Opinion

Students’ Dismay Over the Election of Trump is Justified

By L.D. Freeman, Letter to the Editor

Dear Editor:

   I commend my esteemed, learned colleague, Bob Barter, a renowned and dedicated Social Studies teacher for having the passion and concern to speak out through a Blueprint Letter to the Editor to address the  post-election dismay and disbelief that hammered so many students.

   I think I can answer his core question, with all due respect, as to his bewilderment and what explains the “teary or vacuous eyes” that met his and mine and ours.

   Put simply, the students could not believe that a person with so many overt, egregious character flaws as Donald Trump would  merit the approval of tens of  millions of voters in  traditional red states, swing states and blue states that tilted for him.

   For years, our young  have been taught by schools, most parents (one hopes), and maybe through their faiths, that off the cuff, insulting, rude and discriminatory statements about Mexicans, Muslims, people with disabilities, or lack of height are not to be excused or embraced.

   Trump’s wide open public mouth and tweets were rife with such slurs, setting him apart from the vast majority of presidential candidates for at least a century.   

   In short, our students were dumbfounded that a man of such foul temper who will soon take the highest office in the land could be so offensive and deeply flawed in terms of character.

   Character resonates deeply with students, more-so than other elements, such as politics, policies, constitutionality and even credibility.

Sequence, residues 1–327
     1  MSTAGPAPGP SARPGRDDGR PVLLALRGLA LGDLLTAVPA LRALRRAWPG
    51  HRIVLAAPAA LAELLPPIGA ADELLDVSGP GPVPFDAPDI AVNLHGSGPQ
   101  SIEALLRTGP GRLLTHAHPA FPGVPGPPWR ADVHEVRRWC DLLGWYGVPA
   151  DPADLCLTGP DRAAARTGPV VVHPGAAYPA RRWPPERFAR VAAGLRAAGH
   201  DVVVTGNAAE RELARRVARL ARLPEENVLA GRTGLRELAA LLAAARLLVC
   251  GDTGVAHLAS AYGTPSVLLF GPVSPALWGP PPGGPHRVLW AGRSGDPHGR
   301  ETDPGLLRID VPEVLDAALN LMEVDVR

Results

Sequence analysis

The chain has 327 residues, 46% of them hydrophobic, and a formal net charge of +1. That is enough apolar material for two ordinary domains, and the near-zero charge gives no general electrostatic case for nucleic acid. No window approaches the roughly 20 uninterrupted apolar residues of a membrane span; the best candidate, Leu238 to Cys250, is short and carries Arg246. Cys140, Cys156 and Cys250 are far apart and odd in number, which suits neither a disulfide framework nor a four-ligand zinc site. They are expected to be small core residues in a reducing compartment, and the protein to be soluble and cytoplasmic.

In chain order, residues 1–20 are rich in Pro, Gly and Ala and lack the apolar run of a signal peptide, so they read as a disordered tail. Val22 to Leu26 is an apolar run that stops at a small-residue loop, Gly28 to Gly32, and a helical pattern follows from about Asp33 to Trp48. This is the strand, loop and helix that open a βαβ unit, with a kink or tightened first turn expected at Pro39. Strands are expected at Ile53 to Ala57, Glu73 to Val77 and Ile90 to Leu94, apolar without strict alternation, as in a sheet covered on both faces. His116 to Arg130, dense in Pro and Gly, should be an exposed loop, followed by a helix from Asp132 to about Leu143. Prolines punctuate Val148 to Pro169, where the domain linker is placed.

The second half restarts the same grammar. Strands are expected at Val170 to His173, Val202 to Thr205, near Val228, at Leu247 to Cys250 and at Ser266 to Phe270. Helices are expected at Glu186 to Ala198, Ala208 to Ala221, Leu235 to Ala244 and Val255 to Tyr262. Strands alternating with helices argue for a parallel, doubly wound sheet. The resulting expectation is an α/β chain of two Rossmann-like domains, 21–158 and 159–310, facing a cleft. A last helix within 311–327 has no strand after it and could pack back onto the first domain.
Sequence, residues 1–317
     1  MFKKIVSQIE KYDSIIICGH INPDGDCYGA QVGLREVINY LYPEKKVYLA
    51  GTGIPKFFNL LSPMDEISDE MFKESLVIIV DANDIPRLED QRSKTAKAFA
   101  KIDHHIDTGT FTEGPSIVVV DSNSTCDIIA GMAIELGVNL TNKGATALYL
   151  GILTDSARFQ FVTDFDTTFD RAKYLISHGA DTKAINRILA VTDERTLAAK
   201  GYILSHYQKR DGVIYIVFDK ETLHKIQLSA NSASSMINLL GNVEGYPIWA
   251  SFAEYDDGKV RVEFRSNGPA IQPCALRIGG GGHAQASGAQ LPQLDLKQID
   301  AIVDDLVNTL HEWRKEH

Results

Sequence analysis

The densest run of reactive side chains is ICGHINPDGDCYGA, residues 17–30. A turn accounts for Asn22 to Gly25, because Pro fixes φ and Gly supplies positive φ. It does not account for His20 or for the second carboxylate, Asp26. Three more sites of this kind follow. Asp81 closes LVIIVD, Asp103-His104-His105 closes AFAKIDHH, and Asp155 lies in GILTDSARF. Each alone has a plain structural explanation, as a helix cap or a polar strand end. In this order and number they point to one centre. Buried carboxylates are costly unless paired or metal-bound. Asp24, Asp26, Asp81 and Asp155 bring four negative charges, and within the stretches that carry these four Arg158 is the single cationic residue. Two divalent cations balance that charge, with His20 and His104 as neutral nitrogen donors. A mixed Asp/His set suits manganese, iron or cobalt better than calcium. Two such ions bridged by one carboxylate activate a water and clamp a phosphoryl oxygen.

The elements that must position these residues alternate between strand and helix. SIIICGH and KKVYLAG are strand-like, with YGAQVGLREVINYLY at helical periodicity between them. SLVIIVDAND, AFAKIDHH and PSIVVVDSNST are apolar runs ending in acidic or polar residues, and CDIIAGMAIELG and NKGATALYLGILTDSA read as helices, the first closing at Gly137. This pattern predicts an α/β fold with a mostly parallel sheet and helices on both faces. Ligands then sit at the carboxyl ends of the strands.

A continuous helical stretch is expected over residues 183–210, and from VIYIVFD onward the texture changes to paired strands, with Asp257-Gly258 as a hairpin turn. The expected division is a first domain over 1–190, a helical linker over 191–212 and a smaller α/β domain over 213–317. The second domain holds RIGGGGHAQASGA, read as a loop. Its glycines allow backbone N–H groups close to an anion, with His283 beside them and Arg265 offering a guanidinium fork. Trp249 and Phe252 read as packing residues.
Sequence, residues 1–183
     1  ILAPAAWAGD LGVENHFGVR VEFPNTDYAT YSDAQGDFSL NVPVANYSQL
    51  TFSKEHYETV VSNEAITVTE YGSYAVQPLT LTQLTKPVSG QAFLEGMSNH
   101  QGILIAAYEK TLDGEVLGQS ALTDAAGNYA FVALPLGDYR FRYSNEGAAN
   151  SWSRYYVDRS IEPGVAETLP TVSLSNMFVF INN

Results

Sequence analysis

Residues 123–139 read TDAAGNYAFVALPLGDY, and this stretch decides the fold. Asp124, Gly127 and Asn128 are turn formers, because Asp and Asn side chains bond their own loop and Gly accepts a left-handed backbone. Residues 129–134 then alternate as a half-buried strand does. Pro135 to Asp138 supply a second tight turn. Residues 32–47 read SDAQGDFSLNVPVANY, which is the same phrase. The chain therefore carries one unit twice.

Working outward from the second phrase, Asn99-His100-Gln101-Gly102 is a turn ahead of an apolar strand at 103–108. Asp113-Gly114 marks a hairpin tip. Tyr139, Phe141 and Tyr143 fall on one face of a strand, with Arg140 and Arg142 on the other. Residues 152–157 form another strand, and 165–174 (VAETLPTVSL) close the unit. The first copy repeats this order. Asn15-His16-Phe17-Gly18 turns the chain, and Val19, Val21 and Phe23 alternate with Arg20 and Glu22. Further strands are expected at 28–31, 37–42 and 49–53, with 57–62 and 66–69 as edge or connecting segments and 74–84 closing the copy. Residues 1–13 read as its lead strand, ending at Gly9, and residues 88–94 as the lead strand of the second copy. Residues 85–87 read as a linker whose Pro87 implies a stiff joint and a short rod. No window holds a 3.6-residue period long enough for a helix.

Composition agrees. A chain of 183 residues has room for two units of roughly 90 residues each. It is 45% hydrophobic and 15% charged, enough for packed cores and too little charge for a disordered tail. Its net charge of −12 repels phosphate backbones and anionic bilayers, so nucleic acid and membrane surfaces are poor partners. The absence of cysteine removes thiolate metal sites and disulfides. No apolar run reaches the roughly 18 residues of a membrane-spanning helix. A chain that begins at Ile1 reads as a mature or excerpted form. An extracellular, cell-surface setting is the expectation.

Commendable character, or at least character that is acceptable, nominally composed and decent, is something  Americans have come to expect as part of the package deal of being White House worthy.

   We have– perhaps at least until recently– come to expect that a presidential candidate would never characterize women he doesn’t like as “fat dogs and pigs.”   

   When challenged by a journalist after referring to women’s menstrual cycles in a slap at Fox News anchor Megyn Kelly, Trump flunked the test again, saying, “I don’t have time for total political correctness, and to be honest with you, this country doesn’t have time either, and honestly Megyn if you don’t like it, I’m sorry.”

   Voters over the years have rightfully taken umbrage at presidents whose foul mouths and temperamental outbursts go public, even when they are not nearly as serial and scathing as Donald’s. 

   Trump voters, on the other hand, often call that kind of insult and degradation ‘refreshing, or genuine or honest.’

   When the Watergate transcripts were published, Nixon’s fusillades of f-bombs and other profanities were sanitized with “Expletive Deleted,” in keeping with the ethic that presidents should not be profane.    

   Trump, so far, has at least shown enough of a filter to leave out the big seven cuss words, but his sieve lets out so much more.